Democrats Close to Agreement With White House on New NAFTA

WASHINGTON — Democratic lawmakers are nearing an agreement to bring the revised North American free trade deal to a vote after securing additional labor, enforcement and other provisions and winning the support of top labor leaders.

An agreement between congressional Democrats and the White House on the final terms of the revised trade deal would lift the last remaining hurdle standing in the way of enacting President Trump’s trade pact. It would cap off more than two years of negotiations between officials in the United States, Canada and Mexico over a critical trade pact that governs commerce around North America.

Congressional aides and trade advisers said they were still reviewing the final provisions of the United States-Mexico-Canada Agreement on Monday morning, but a resolution appeared to be close at hand.

In a weekly meeting with Senate Republican aides Monday morning, a White House official said that Robert Lighthizer, the United States trade representative, was involved in intense talks with both House Democrats and the Mexican Senate and a breakthrough could be reached as early as Monday, according to two people in the room who requested anonymity to discuss a private meeting.

The official, Jessica Ditto, the White House’s deputy communications director, said in the meeting that the revised pact included tough labor enforcement provisions that should help address one of the main concerns that House Democrats have raised in monthslong negotiations with Mr. Lighthizer.

Both the White House and congressional aides have said in recent days that a deal could come shortly, and are pressing for a vote before Christmas.

Labor union leaders, who have long criticized the existing North American trade deal and Mr. Trump’s proposed changes to it, also struck a more positive note.

Richard Trumka, the president of the AFL-CIO, said in an email to The Washington Post on Monday morning that there was a deal, adding “we have pushed them hard and have done quite well.” Mr. Trumka said he would meet with the labor union’s executive council Monday afternoon to discuss it.

People familiar with the negotiations said Mr. Trumka would likely seek approval from the AFL-CIO’s leadership, one of the last remaining obstacles to securing Democratic support. The AFL-CIO did not respond to a request for comment.

Congressional approval of the USMCA would constitute Mr. Trump’s biggest trade win to date and give him a big talking point as he seeks re-election in 2020. Mr. Trump, who has long criticized NAFTA as one of the “worst” trade deals ever reached, promised as a candidate in 2016 to rip it up and replace it with something that did more to help American workers.

But it would also give Democrats a tangible accomplishment amid a bitter impeachment fight and long-sought policy changes to a trade pact they have criticized as prioritizing corporations over workers. Many of the freshman Democrats who flipped Republican districts in 2018 have lobbied for a vote on the deal before Christmas, particularly as the House grows closer to voting on articles of impeachment.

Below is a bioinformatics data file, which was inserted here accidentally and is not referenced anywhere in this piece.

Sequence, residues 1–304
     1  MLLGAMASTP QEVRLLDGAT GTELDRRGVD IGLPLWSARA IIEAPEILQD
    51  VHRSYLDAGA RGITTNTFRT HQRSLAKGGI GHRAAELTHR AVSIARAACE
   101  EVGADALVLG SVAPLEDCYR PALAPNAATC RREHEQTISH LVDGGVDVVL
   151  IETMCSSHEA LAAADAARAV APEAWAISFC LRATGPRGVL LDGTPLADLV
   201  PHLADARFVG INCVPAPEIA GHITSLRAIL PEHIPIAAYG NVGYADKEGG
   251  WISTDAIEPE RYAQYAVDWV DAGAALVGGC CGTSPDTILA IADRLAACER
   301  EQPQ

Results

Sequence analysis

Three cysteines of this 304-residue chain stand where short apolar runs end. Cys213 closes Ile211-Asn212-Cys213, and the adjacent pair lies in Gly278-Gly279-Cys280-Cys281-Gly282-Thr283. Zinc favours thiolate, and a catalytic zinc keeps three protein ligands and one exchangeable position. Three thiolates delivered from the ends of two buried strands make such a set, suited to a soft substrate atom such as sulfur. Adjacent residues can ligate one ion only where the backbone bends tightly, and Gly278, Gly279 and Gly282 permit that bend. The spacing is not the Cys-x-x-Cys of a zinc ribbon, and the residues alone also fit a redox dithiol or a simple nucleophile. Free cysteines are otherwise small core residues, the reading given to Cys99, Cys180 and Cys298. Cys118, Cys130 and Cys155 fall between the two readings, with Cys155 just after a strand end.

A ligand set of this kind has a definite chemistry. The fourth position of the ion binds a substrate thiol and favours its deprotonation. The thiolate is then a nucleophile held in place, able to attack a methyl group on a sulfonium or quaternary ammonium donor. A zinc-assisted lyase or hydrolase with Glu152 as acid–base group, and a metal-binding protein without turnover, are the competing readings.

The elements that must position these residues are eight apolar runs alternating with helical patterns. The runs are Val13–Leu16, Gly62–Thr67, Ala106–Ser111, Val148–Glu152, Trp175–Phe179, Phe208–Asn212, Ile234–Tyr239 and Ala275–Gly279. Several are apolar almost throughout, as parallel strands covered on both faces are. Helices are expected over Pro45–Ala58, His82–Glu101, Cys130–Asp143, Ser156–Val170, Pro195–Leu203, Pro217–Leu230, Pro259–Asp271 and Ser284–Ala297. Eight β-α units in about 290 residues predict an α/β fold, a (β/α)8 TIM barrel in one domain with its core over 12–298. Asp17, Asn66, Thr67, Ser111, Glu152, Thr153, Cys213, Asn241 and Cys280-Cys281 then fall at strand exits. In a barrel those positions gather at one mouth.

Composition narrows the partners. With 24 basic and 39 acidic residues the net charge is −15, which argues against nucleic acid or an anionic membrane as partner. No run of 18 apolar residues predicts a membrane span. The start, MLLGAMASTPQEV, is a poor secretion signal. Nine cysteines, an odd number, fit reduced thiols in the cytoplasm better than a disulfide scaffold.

While the Trump administration reached an agreement with Canada and Mexico a year ago, the deal requires congressional approval, and Speaker Nancy Pelosi and a tight-knit group of Democrats have insisted on putting their own stamp on the pact before bringing it for a vote. They have spent months pressing Mr. Lighthizer to strengthen the deal’s protections for labor and the environment, ensure that its rules can be enforced, and strip out a provision they call a giveaway to the pharmaceutical industry.

Republicans have repeatedly hammered Ms. Pelosi for not bringing the agreement to the floor for a vote sooner.

Even if an agreement in principal is announced this week, House Democrats will have to finalize the implementing legislation needed to codify the trade pact before putting it up for a vote on the House floor, though some procedural hurdles could be waived in order to speed the process through both chambers. There are less than 10 legislative days remaining before lawmakers are scheduled to leave Washington for the holidays.

The terms of the deal have yet to be announced, and it is not yet clear how the negotiations will change the 2,082-page agreement announced by Canada, Mexico and the United States last year.

In recent weeks, the administration has also been tasked with taking those revisions to Canada and Mexico, who must sign off on the final deal.

On Sunday, Mexican Foreign Minister Marcelo Ebrard said that Mexico had drawn several red lines on revisions, including a blanket rejection of foreign labor inspectors in Mexican factories. Speaking to Mexican senators, Mr. Ebrard said that Mexico would accept three-person panels to resolve disputes, not only for labor issues but also for other controversies.

Mexico and the United States have also sparred over a late American proposal that steel and aluminum used to make cars would be smelted in North America, not just finished here. USMCA requires automakers to purchase 70 percent of the steel and aluminum they use from North American sources to qualify for the pact’s zero tariffs.

Mr. Ebrard said Sunday that “Mexico has shared that this would create many problems.” He said that Mexico would accept the limit for steel five years after the agreement took effect, but not on aluminum.

Elisabeth Malkin reported from Mexico City.

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